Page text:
• The differences of realisation account will be either profit or loss. This different is allocated between the partners in their profit sharing ratio. Profit is credited to their capital account and loss is debited to their capital account.

(4) How would you deal with the following balances disclosed in the balance sheet at the time of the dissolution of a partnership firm ? Explain.
(i) General Reserve
(ii) Investment Fluctuation Fund
(iii) Workmen Accident Compensation Fund
(iv) Providend Fund
(v) Debit Balance of Profit and Loss A/c
(vi) Depreciation Fund
(i) General Reserve : Balance of general reserve account is credited to partners’ capital or current account in their profit and loss sharing ratio.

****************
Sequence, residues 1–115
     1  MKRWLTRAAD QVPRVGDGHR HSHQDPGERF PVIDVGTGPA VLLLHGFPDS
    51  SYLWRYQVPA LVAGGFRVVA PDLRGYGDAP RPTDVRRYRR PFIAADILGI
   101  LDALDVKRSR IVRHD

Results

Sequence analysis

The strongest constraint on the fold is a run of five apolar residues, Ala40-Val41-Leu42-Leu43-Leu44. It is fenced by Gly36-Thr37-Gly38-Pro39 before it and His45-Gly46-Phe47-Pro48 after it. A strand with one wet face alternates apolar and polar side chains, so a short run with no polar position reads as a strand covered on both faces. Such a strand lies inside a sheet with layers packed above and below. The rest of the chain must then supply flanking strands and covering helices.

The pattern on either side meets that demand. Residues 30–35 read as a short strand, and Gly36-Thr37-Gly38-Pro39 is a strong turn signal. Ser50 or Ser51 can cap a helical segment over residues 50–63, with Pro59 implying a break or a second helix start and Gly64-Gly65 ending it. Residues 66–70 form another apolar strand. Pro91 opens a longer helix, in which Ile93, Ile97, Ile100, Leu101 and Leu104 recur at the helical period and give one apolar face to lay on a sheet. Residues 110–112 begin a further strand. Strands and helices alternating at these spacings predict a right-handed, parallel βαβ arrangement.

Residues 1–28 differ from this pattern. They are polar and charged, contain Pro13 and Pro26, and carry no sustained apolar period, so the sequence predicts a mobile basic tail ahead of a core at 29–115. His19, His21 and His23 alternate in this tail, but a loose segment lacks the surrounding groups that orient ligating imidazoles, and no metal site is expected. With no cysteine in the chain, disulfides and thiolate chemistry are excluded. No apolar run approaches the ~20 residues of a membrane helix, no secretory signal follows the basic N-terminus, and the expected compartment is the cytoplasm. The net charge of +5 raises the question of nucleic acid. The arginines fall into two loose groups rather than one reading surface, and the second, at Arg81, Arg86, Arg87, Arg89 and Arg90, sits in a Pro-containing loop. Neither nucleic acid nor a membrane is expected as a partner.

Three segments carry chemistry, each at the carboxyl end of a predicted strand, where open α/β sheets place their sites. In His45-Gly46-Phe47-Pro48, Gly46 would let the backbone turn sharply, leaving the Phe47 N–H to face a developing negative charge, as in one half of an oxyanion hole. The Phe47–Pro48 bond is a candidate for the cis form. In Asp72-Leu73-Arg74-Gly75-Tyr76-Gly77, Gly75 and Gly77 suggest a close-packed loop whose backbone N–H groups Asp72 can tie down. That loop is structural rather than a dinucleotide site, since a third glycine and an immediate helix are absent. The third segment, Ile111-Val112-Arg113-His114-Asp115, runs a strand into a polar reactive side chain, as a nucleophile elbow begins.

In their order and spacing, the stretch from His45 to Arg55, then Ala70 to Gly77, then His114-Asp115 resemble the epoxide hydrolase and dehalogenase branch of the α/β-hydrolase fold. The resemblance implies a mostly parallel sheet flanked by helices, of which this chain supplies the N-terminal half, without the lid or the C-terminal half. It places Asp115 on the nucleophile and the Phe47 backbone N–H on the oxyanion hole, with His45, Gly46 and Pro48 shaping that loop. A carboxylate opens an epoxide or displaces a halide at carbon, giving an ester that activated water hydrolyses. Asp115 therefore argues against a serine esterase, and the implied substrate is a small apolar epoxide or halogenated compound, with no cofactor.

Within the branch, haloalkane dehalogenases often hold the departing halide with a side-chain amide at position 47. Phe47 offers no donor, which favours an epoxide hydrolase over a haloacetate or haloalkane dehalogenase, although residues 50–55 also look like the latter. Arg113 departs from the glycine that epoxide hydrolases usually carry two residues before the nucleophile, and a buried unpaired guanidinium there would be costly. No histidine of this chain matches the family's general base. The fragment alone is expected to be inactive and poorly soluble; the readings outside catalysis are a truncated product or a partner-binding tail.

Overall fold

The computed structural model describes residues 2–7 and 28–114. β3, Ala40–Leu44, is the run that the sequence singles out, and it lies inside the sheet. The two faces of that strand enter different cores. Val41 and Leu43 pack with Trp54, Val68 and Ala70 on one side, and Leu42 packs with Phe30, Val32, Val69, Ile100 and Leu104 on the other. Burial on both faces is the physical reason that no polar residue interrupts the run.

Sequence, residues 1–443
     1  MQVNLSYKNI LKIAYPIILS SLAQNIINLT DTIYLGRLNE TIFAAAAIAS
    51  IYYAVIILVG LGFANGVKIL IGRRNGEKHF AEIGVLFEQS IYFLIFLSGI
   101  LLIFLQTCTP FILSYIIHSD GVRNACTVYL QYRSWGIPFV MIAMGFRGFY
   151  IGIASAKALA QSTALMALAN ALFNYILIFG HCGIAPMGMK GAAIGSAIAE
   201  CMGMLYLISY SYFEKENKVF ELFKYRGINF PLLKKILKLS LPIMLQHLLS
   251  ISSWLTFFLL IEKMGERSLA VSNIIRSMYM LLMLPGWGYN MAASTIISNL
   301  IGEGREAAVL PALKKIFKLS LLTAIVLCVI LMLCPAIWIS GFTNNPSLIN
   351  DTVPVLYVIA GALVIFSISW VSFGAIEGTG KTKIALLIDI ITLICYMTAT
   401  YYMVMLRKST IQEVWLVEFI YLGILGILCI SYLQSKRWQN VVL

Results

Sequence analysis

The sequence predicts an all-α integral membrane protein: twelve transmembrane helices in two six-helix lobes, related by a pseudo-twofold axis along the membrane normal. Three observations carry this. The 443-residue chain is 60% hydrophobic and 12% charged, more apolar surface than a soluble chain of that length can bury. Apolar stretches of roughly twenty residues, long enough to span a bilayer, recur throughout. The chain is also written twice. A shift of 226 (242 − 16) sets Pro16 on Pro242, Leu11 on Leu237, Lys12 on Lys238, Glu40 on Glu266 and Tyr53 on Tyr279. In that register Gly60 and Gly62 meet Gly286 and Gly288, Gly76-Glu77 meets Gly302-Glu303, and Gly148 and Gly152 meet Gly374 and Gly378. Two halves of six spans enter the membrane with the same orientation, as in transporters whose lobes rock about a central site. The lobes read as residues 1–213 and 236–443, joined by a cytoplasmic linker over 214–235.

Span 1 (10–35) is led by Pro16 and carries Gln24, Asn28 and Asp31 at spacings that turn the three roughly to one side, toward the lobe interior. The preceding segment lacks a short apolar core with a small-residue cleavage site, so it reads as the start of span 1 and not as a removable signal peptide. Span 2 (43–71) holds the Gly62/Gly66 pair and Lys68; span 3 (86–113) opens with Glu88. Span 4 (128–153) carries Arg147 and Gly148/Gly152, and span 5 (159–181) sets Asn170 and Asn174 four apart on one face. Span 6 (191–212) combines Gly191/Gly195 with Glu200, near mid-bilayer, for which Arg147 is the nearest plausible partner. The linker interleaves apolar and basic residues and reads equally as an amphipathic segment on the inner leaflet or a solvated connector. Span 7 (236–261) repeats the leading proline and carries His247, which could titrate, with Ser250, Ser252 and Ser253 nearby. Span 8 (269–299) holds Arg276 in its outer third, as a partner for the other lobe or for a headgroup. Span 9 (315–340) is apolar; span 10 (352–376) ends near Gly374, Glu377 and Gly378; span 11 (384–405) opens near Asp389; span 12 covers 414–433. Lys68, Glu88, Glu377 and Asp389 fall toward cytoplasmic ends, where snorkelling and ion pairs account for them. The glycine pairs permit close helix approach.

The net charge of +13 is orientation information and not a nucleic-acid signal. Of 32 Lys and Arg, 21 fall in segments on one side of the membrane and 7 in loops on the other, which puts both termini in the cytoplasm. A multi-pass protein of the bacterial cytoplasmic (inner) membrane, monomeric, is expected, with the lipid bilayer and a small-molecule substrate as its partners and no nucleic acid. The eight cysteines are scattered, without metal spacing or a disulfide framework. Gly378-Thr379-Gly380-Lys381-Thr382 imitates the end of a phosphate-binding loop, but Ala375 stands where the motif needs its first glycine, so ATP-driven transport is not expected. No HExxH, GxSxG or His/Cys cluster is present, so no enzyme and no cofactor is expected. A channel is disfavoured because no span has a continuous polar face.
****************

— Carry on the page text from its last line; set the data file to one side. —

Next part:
(ii) Investment Fluctuation Fund : Investment Fluctuation Fund is a provision against assets which will be shown under the heading of provision on credit side of Realisation Account.

(iii) Workmen Accident Compensation Fund : Workmen Accident Compensation Fund is a accumulated profit, which will be credited for all partners’ capital/current account in their profit-loss sharing ratio.

(iv) Providend Fund : Providend Fund is a liability (debt) which will be shown under the heading of Sundry Liability on credit side of Realisation account.

(v) Debit Balance of Profit and Loss A/c : Debit balance of profit and loss account will be debited to partners’ capital account in their profit and loss sharing ratio.

(vi)
Depreciation Fund : Depreciation Fund is a provision against asset which will be shown under the heading of provision on credit side of Realisation Account.

(5) Describe the legal provisions pertaining to loss of dissolution of a partnership firm.